As alternative billing approaches go, flat fees have many fans. Clients like to know exactly what a particular legal service will cost and lawyers like to leverage experience they have gained in providing the same service to others. Sometimes a flat fee even lets a lawyer spend more time on a matter because there’s no concern that the client will feel the lawyer was trying to run up the bill by spending more time on legal research or clever drafting. Flat fees are also important for clients who are at a high risk of future nonpayment.
The place where lawyers tend to get in trouble ethically with flat fees is when they want the fee to be both flat and nonrefundable. From a definition standpoint, calling a fee “flat” merely says what the amount will be and says nothing about when the client is expected to pay, when the fee will be considered earned, and what portion (if any) the client will get back if the client is unhappy or just decides the lawyer is ugly.
One way to handle the flat fee is to have the client pay the amount up front, put it in the lawyer’s trust account, and state in the representation agreement when the fee will be considered earned, so that the lawyer can take it out of trust and put it in the business account. This works well for document-intensive projects, such as an estate plan or an incorporation. But even in a criminal matter the agreement could be that 25% of the fee is earned after the arraignment, another 25% after the omnibus, and the rest after trial, with all of the fee earned at any time a plea bargain is reached.
Most lawyers who use flat fees, however, see them also as a way of avoiding having to place funds in a trust account. Of course, one could avoid trust account issues by having the client pay after the work is done, but getting the money up front is a key part of keeping a law practice afloat.
This is where the ethics problems start. Traditionally, lawyers in many jurisdictions have only been able to accept a flat fee, payable in advance, and earned upon receipt (i.e. “nonrefundable”) if the fee was considered an availability retainer. In other words, “I’m willing to take on your manslaughter case, but it could be such a big case that I will have to a) hire additional staff and/or b) turn down other business, so the only way I can agree to do this is if you agree that once you pay me my $50,000 fee, I won’t have to return it if you change your mind a month from now.” In some jurisdictions, the Rules of Professional Conduct require that the lawyer make special written disclosures to the client about the non-refundable aspect of the fee and that the fee will not be placed in the trust account (if any portion was refundable up front, then it wouldn’t be earned, and it would have to go in the trust account).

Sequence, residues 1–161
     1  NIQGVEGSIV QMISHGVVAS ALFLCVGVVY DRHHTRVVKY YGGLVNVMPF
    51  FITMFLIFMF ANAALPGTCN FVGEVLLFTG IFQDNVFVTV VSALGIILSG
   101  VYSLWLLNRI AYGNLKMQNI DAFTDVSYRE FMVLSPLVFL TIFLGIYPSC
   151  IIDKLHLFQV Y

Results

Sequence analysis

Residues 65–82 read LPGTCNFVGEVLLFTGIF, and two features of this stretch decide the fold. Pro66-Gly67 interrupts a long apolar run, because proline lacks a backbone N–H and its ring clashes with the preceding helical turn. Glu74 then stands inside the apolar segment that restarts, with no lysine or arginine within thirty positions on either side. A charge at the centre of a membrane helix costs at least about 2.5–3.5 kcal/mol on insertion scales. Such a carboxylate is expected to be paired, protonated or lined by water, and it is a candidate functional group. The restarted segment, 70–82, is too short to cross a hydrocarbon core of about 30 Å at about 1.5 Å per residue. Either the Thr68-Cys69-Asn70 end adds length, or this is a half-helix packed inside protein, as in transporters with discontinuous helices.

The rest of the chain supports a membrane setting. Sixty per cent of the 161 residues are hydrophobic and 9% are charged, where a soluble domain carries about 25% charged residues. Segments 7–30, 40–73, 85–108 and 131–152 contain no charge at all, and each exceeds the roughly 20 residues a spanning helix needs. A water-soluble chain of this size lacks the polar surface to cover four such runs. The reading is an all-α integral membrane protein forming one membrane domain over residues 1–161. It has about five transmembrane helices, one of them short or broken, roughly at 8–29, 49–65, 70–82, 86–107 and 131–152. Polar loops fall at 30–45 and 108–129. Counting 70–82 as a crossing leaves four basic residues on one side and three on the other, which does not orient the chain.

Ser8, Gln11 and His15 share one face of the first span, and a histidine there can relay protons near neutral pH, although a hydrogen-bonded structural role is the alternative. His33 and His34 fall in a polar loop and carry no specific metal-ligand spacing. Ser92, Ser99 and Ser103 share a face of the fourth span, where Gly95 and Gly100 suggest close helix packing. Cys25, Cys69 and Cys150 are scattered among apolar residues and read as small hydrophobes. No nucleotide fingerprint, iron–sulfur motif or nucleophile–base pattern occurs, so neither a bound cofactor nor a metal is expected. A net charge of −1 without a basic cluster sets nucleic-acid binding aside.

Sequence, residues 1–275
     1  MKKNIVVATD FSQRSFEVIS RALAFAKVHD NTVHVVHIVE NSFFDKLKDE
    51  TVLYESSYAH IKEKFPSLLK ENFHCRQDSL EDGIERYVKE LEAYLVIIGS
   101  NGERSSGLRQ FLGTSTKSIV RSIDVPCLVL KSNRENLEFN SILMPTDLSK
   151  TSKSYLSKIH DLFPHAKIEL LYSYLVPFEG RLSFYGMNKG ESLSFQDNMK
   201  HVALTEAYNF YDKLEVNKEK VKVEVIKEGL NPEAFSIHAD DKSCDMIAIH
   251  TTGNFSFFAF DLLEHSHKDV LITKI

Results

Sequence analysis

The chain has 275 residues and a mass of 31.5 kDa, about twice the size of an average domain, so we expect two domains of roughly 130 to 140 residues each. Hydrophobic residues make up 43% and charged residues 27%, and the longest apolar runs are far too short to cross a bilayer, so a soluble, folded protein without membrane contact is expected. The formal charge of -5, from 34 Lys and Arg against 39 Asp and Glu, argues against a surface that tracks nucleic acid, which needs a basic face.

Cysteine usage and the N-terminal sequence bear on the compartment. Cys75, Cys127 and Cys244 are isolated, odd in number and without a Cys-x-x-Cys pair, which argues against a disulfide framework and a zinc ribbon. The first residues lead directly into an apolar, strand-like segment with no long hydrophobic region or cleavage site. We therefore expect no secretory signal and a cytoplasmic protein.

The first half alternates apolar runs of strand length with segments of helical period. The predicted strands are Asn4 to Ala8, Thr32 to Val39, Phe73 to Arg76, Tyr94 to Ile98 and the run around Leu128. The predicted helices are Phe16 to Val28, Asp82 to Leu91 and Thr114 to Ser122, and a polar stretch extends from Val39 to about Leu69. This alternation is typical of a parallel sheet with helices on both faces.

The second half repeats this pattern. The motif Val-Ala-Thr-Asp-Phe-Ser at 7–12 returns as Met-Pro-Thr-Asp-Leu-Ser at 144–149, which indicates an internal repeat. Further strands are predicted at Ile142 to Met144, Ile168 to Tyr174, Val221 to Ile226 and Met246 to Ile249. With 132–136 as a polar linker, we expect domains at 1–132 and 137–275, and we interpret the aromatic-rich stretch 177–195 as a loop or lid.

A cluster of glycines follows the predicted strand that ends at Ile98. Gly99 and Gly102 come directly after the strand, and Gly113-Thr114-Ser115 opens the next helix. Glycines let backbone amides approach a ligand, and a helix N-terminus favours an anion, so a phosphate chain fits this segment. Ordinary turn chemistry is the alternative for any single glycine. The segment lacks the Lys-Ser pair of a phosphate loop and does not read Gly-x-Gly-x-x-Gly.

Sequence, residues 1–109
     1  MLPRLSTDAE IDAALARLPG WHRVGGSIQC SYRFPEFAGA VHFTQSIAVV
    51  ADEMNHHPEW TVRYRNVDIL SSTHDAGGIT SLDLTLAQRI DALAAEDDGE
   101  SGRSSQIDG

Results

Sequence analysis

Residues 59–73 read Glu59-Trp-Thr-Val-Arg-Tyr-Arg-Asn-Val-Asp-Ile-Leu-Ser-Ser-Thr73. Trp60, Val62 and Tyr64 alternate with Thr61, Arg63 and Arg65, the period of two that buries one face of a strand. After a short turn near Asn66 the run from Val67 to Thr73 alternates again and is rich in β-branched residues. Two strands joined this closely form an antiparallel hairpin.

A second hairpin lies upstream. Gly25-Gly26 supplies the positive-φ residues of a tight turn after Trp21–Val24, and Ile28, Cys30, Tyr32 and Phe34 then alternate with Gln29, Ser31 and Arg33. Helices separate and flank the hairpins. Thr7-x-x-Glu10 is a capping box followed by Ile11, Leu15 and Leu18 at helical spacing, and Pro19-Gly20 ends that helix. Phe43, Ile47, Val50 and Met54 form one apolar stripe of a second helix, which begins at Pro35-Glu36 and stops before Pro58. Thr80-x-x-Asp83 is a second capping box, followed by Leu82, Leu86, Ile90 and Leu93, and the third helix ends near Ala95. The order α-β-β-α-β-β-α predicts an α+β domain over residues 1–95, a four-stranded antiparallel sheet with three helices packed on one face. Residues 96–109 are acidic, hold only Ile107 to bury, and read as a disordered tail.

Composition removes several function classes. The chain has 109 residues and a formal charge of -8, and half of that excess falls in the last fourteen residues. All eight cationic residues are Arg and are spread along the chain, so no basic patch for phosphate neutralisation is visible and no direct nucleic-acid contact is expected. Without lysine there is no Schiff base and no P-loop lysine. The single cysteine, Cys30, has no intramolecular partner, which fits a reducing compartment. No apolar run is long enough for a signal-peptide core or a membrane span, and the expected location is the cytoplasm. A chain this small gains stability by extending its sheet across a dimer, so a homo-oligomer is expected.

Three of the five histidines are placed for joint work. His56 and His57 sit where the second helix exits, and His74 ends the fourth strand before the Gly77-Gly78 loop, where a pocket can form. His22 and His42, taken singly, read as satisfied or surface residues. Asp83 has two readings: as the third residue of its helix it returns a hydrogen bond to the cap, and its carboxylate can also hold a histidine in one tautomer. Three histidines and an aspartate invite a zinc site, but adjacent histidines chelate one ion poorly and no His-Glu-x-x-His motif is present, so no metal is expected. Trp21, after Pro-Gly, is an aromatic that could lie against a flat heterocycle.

Inevitably, a client comes back a short time after paying the lawyer the fee, after very little work has been done on the case, and says that the client has changed his or her mind so they’d like a refund. The lawyer says, sorry that wasn’t our deal, and the frustrated client complains to the ethics authorities.
Smart lawyers both follow the technical rules and give the client back some money. Not-so-smart lawyers . . . well, they spend a lot of time trying to convince the ethics authorities that it was reasonable for the lawyer to charge a 5-figure fee for very little work. At the end of the day, all fees must be reasonable.
In criminal, bankruptcy, and federal court matters, to name a few, it really can be difficult for a lawyer to withdraw once he or she gets started, and it can be challenging to figure out ahead of time how much work a case will require. Availability retainers make sense if a lawyer focusses on one of these areas — some cases will be resolved quickly, some will go to trial, and hopefully it will all work out in the end.
But for practice areas in which lawyers are typically paid hourly, the trend toward lawyers insisting on non-refundable retainers has been troubling to some ethics authorities. Lawyers sometimes take what would just be an ordinary retainer headed for the trust account, call it “nonrefundable” and both deposit it in the business account and refuse to return any money to the client who quits before the work is done.
This isn’t something that keeps me awake at night. Lawyers are very heavily regulated — when I remodeled my house, I wrote huge checks to a contractor, and there was no “trust account” in sight. I think there’s very little risk that a family law attorney who takes a $3,000 retainer up front to start a divorce isn’t going to earn all of that money. But it’s also not fair to the client to set up the retainer in such a way that the lawyer can get paid for not working, especially if there’s no particular cost to the lawyer. Lawyers have to ask themselves if there’s a good reason for making the fee non-refundable, other than to avoid the hassle of using a trust account.
So keep quoting those flat fees to clients. Just watch out for the ethics bumps.